This session, as part of Mozilla Festival, explores climate risk, and the fact that “risk” is not a universal measure, concept, or value- even in economics where the difference between “uncertainty” and “risk” is an unresolved debate in economic thought, and financial and economic crises cannot be predicted by using sophisticated computer technology and risk modelling.
In fact, we cannot talk about some “objective” measure or meaning of “risk” as “risk” is a value-ridden notion that varies by cultures, societies, disciplines. So, when the financial sector and financial regulators announce commitments to fight climate risk, as seen at the last COP26 pronouncing a seemingly gigantic USD 130 trillion for this purpose, we should realise that finance and money have a very narrow financial understanding of climate risk.
Central bankers are concerned about financial instability risk if investors and bankers go bankrupt after a sudden collapse of valuations of carbon-related businesses in financial markets. Financial institutions develop new investment strategies using sophisticated computer modelling of risk to generate high financial returns as the economy transitions to a carbon-neutral one. Climate scientists, on the other hand, use different conceptualisations and measurements of risk in assessing the impact of global warming on earth’s materiality.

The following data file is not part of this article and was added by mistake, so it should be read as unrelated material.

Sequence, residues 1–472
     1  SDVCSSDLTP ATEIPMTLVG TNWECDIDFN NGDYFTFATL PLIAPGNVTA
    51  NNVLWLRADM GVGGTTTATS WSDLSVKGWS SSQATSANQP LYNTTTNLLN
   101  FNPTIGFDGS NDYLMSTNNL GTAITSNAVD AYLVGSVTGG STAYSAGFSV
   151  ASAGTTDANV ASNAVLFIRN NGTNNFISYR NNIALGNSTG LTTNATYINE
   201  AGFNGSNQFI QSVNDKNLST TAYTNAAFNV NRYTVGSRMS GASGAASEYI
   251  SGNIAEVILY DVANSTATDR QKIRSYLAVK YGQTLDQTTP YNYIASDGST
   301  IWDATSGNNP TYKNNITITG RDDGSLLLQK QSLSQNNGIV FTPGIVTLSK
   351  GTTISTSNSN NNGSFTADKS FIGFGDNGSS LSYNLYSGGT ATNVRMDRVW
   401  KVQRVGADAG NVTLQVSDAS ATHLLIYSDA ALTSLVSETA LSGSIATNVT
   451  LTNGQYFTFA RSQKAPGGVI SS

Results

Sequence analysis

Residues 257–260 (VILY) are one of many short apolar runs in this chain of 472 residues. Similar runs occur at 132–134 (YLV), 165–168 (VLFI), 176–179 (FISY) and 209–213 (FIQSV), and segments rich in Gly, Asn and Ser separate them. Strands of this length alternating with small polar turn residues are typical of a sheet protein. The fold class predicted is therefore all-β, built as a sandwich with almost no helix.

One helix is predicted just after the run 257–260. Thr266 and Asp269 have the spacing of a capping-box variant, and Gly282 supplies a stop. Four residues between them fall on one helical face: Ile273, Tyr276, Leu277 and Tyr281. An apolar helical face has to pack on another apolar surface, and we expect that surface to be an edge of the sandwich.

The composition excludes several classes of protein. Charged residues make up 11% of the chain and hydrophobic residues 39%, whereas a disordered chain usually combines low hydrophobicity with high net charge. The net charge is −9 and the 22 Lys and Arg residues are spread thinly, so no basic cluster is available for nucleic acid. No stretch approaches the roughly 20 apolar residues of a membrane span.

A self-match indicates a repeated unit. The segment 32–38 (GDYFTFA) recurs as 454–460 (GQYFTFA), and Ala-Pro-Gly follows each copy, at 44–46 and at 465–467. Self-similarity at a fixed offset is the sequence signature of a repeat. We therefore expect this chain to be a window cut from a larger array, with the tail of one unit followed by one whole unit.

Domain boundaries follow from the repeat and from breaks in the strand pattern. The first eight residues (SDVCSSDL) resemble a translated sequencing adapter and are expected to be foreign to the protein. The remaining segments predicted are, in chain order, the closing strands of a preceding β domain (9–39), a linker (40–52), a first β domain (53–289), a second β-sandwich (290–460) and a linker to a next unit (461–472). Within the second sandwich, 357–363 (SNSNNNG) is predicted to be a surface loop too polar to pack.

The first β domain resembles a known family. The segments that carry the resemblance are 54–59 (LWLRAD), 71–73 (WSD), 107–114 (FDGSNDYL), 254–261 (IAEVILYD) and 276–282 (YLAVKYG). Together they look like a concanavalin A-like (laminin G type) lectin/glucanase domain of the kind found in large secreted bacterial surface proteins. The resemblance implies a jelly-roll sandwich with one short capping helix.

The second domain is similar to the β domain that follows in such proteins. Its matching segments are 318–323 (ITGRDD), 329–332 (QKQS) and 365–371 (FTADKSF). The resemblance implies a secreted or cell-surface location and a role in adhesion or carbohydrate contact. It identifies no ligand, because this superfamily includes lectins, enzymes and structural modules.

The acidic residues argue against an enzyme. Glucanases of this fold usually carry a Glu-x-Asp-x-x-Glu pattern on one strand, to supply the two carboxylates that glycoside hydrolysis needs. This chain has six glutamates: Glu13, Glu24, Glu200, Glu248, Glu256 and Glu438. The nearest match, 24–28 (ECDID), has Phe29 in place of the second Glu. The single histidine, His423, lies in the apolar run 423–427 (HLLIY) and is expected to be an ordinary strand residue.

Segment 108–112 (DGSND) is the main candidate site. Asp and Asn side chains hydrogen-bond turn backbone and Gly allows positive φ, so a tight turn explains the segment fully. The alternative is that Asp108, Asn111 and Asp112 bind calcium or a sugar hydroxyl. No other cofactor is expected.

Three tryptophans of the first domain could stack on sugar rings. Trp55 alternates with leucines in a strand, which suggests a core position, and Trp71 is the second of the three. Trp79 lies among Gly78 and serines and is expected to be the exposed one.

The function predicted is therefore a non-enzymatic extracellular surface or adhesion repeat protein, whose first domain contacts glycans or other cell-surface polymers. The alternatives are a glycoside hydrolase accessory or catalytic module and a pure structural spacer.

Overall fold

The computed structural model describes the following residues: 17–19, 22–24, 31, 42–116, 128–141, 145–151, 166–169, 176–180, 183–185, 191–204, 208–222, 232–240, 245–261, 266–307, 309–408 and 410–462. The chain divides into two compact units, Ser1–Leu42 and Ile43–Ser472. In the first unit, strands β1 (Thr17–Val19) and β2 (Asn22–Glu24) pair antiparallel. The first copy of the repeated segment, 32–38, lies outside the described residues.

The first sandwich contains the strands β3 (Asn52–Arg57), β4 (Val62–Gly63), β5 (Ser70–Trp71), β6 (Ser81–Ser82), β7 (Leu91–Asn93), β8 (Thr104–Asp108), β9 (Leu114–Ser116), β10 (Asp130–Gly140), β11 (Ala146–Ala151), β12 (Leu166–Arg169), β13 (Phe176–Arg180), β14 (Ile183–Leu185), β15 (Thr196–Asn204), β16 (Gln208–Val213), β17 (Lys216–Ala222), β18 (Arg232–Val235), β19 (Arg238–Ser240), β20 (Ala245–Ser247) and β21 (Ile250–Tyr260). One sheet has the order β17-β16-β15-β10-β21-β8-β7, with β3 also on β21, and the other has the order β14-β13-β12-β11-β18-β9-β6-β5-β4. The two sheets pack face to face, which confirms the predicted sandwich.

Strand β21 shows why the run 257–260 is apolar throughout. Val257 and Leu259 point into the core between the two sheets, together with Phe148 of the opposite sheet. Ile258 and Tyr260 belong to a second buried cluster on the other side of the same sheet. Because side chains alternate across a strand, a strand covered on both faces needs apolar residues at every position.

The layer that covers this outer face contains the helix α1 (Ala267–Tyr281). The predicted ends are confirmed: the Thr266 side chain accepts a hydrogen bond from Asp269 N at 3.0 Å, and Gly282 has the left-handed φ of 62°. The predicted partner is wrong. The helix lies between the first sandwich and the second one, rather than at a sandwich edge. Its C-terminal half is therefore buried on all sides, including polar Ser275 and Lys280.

Risks to society from global warming and transitioning to a net-zero economy are altogether different and complex. Geographically, intergenerationally, ethnically, gender-wise, income-wise, etc. we face risks and uncertainties that are not homogeneous. Societal risks are not quantified and computer-modelled like they are in the finance sector but politically mobilised through various discourses and actions.
Art and artists have a long tradition of approaching and dealing with risk and uncertainty in aesthetic and conceptual forms that question universality. Financial institutions and money managers can enter into a fruitful dialogue with the art world to re-think risk and uncertainty for climate risk and environmental risk purposes.
At this session we bring together a multi-disciplinary group of people, Pierre Guillet de Monthoux (Stockholm School of Economics), Shân M. Millie (Digital Finance expert), William Drew, artist, and Chiara Badiali (Julie’s Bicycle). to explore the concept of climate risk and how risk discourses in finance and society need to talk to each other for common good.
This session co-curated and facilitated by Ismail Ertürk and Irini Papadimitriou, is now available online via the Mozilla Festival website. Follow this link to access the discussion in full.